“Pastor Shelby wants to have accommodating services that fit people’s schedule,” Reese said. “In this generation kids are involved this and that, AAU basketball, everything else, and schedules get crazy.”

Aside from work with its own members, Reese said the church is active in the surrounding community and cited a recent example of Burning Bush providing school supplies to area children.

“We’re not just going and opening a building - we come out and try to make an impact on the community,” he said.

The township won’t permit a daycare on the site because James L Hart is primarily an industrial area, and Burning Bush plans to add to the property’s landscaping.

Reese said the building will see a full makeover to change it from a car dealership to a comfortable place of worship. While the goal is to have the doors open by December, he said church leaders aren’t rushing the process.

"Pastor Shelby is the type of guy who wants excellent work done,” Reese said. “He wants it to look beautiful so when you’re coming off that freeway you say ‘Wow, that’s a beautiful place.’”

At the township’s June 21 meeting, Trustee Stan Eldridge praised the proposal and plans Burning Bush offered.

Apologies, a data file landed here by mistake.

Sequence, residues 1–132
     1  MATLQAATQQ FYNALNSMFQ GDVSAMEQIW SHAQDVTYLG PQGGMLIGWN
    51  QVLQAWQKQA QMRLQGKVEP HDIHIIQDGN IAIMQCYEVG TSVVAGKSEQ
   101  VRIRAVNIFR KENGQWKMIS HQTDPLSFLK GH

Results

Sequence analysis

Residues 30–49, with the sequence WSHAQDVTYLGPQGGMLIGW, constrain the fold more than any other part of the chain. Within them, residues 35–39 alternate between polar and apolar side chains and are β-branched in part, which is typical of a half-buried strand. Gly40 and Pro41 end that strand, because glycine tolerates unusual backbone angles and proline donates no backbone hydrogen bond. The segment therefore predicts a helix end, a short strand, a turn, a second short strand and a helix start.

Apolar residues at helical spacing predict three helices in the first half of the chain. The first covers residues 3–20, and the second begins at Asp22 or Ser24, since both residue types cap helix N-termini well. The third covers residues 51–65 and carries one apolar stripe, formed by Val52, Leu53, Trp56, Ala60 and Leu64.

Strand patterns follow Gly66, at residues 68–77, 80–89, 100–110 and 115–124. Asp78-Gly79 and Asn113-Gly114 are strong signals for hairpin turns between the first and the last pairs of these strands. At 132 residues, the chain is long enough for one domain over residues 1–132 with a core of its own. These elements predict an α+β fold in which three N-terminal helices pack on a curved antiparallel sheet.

“Having this group here is a blessing to this community and will help everyone in the surrounding area,” he said.


Monica R-W

Thu, Jul 7, 2011 : 6:01 a.m.

There is no reason why Burning Bush shouldn't have been approved for this location. They have proven to be ready and able, presenting a detailed building proposal to the township. It is amazing that individuals have 'peanut galley' comments but never seem to attend a Township meeting, when they are discussing the proposal. Interesting.... The buildings have been SITTING EMPTY for over a year. For those that say "hey what about businesses"....excuse me, what business is moving into these locations, in this economy? It is better to have the building(s)/area(s) occupied, off the major expressway entry, than empty. In or near the same area, the Michigan State Police post will close, Ford Ypsilanti has closed and whatever the business is across from the church on Harriet street has about one to two cars total in the parking lot. Good luck Burning Bush Church and community. Enjoy your new location of worship!

Gregory Gurka

Wed, Jul 6, 2011 : 5:57 p.m.

I have to agree with glimmertwin, it does not appear to fit in with other businesses in that area in any way, shape or form. I'd like to hear from the Township as to the rational behind the approval. Can publish additional information on this issue?


Wed, Jul 6, 2011 : 1:56 p.m.

I wonder how that fits into the township's "master plan". The township for years has been telling its voting taxpayers that this corridor is to be used to attract property-tax paying businesses that don't consume services like refuse, etc. that housing does. Look for lawsuits and their associated costs by all those businesses denied in the past based on the "master plan" reason. I have nothing against this facility or this church. But this is another windfall for the township's legal consultant.